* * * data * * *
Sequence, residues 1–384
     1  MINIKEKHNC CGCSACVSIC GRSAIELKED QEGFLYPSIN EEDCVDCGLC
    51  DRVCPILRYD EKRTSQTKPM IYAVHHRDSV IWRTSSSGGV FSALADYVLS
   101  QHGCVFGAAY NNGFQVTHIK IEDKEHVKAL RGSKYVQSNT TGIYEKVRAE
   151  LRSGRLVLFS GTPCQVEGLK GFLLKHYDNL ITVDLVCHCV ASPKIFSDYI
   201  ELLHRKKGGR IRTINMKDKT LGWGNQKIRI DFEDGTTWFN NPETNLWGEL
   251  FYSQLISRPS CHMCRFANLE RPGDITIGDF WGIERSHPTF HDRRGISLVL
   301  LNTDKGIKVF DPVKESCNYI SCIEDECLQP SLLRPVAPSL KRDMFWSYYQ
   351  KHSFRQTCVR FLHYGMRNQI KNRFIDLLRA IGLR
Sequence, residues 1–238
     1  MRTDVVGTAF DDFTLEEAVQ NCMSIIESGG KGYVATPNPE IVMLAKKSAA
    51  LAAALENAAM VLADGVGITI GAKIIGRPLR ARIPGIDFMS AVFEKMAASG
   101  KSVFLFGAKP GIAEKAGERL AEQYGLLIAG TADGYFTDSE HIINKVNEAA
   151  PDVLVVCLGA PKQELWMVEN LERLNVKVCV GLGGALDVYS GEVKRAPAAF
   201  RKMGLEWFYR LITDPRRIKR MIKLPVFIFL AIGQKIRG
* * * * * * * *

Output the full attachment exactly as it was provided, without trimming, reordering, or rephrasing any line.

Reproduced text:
Sequence, residues 1–384
     1  MINIKEKHNC CGCSACVSIC GRSAIELKED QEGFLYPSIN EEDCVDCGLC
    51  DRVCPILRYD EKRTSQTKPM IYAVHHRDSV IWRTSSSGGV FSALADYVLS
   101  QHGCVFGAAY NNGFQVTHIK IEDKEHVKAL RGSKYVQSNT TGIYEKVRAE
   151  LRSGRLVLFS GTPCQVEGLK GFLLKHYDNL ITVDLVCHCV ASPKIFSDYI
   201  ELLHRKKGGR IRTINMKDKT LGWGNQKIRI DFEDGTTWFN NPETNLWGEL
   251  FYSQLISRPS CHMCRFANLE RPGDITIGDF WGIERSHPTF HDRRGISLVL
   301  LNTDKGIKVF DPVKESCNYI SCIEDECLQP SLLRPVAPSL KRDMFWSYYQ
   351  KHSFRQTCVR FLHYGMRNQI KNRFIDLLRA IGLR
Sequence, residues 1–238
     1  MRTDVVGTAF DDFTLEEAVQ NCMSIIESGG KGYVATPNPE IVMLAKKSAA
    51  LAAALENAAM VLADGVGITI GAKIIGRPLR ARIPGIDFMS AVFEKMAASG
   101  KSVFLFGAKP GIAEKAGERL AEQYGLLIAG TADGYFTDSE HIINKVNEAA
   151  PDVLVVCLGA PKQELWMVEN LERLNVKVCV GLGGALDVYS GEVKRAPAAF
   201  RKMGLEWFYR LITDPRRIKR MIKLPVFIFL AIGQKIRG